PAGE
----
Lexical and Acoustic Characteristics of Young and Older Healthy Adults.
J Speech Lang Hear Res. 2021 Jan 13;:1-13
Authors: Cho S, Nevler N, Shellikeri S, Parjane N, Irwin DJ, Ryant N, Ash S, Cieri C, Liberman M, Grossman M
Abstract Purpose This study examines the effect of age on language use with an automated analysis of digitized speech obtained from semistructured, narrative speech samples. Method We examined the Cookie Theft picture descriptions produced by 37 older and 76 young healthy participants. Using modern natural language processing and automatic speech recognition tools, we automatically annotated part-of-speech categories of all tokens, calculated the number of tense-inflected verbs, mean length of clause, and vocabulary diversity, and we rated nouns and verbs for five lexical features: word frequency, familiarity, concreteness, age of acquisition, and semantic ambiguity. We also segmented the speech signals into speech and silence and calculated acoustic features, such as total speech time, mean speech and pause segment durations, and pitch values. Results Older speakers produced significantly more fillers, pronouns, and verbs and fewer conjunctions, determiners, nouns, and prepositions than young participants. Older speakers' nouns and verbs were more familiar, more frequent (verbs only), and less ambiguous compared to those of young speakers. Older speakers produced shorter clauses with a lower vocabulary diversity than young participants. They also produced shorter speech segments and longer pauses with increased total speech time and total number of words. Lastly, we observed an interaction of age and sex in pitch ranges. Conclusions Our results suggest that older speakers' lexical content is less diverse, and these speakers produce shorter clauses than young participants in monologic, narrative speech. Our findings show that lexical and acoustic characteristics of semistructured speech samples can be examined with automated methods.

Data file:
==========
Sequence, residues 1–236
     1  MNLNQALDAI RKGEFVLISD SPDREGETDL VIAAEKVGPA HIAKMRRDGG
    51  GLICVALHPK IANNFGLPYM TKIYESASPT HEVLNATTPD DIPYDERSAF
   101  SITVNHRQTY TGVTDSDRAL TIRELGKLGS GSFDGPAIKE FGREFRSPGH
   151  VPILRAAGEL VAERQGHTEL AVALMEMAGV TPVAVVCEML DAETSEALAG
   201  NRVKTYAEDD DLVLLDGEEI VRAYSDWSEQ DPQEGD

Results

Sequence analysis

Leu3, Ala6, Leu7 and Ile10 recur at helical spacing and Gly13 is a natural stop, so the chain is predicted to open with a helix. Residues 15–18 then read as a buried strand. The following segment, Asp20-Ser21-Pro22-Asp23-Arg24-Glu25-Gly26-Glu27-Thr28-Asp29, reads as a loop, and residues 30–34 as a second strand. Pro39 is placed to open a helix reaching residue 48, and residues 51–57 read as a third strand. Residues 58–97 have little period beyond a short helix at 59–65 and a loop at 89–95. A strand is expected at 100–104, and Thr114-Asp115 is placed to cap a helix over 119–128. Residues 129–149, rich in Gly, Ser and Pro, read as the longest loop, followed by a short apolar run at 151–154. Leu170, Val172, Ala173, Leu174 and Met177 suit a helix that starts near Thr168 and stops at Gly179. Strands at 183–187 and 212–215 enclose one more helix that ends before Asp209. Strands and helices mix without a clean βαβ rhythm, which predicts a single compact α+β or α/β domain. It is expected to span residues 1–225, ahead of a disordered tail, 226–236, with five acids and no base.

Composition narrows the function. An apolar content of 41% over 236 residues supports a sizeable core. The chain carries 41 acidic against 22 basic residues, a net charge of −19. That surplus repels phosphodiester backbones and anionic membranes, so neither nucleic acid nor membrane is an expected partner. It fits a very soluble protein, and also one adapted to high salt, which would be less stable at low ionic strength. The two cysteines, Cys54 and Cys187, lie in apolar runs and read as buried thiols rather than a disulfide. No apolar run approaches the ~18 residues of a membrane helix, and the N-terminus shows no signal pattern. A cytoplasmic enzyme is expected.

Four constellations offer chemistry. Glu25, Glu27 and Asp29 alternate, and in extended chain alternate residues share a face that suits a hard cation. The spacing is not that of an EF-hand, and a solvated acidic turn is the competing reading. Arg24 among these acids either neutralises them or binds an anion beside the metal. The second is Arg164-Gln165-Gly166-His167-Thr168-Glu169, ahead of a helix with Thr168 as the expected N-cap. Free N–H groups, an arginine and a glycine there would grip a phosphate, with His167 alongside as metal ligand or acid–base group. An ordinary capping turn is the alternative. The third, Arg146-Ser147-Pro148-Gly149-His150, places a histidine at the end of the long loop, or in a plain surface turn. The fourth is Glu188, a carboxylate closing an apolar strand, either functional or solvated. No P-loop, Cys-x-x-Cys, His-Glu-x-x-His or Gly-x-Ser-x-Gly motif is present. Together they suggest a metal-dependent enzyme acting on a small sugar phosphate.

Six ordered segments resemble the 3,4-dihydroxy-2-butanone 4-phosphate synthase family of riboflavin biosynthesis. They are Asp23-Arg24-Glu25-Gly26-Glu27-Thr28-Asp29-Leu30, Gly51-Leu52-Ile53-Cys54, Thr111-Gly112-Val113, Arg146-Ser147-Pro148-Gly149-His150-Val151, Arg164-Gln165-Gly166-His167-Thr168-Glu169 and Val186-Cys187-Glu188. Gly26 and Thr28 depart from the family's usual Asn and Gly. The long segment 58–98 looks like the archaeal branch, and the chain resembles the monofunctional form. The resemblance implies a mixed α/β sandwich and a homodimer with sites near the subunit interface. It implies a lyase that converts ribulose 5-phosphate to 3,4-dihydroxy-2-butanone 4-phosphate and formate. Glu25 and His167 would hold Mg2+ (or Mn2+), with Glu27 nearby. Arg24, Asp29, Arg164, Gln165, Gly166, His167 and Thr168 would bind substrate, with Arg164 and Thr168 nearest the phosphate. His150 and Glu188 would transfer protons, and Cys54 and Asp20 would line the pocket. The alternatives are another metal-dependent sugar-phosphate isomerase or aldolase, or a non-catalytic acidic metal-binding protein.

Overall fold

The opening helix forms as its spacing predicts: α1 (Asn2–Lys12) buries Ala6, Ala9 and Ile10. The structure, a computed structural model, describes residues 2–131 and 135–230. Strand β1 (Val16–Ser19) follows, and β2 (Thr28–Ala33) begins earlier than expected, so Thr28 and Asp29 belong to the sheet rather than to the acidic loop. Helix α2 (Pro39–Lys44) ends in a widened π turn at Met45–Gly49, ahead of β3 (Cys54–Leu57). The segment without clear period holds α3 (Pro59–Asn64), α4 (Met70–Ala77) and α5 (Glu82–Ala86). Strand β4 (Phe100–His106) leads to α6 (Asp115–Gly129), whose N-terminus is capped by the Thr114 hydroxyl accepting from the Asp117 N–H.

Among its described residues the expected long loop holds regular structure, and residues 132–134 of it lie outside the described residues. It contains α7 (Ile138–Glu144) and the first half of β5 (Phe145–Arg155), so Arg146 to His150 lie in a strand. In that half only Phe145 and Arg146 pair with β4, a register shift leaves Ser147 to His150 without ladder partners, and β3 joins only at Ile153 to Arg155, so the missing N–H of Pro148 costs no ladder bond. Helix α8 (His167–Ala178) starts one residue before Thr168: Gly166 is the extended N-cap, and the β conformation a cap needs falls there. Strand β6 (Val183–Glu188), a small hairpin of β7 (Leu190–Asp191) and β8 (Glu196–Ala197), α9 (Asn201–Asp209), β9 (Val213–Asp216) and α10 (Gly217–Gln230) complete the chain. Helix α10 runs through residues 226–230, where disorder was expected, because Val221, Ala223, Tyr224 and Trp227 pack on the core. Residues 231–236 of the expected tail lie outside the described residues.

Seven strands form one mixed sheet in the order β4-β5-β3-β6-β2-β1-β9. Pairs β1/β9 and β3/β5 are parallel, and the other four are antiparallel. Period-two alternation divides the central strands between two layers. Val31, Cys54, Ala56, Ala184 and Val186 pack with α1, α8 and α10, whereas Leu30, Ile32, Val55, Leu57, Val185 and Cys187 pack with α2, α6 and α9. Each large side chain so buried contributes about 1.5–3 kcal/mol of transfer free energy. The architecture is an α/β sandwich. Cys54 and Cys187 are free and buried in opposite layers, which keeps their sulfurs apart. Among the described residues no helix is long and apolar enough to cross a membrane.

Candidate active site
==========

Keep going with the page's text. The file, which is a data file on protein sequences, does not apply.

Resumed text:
PMID: 33439761 [PubMed - as supplied by publisher]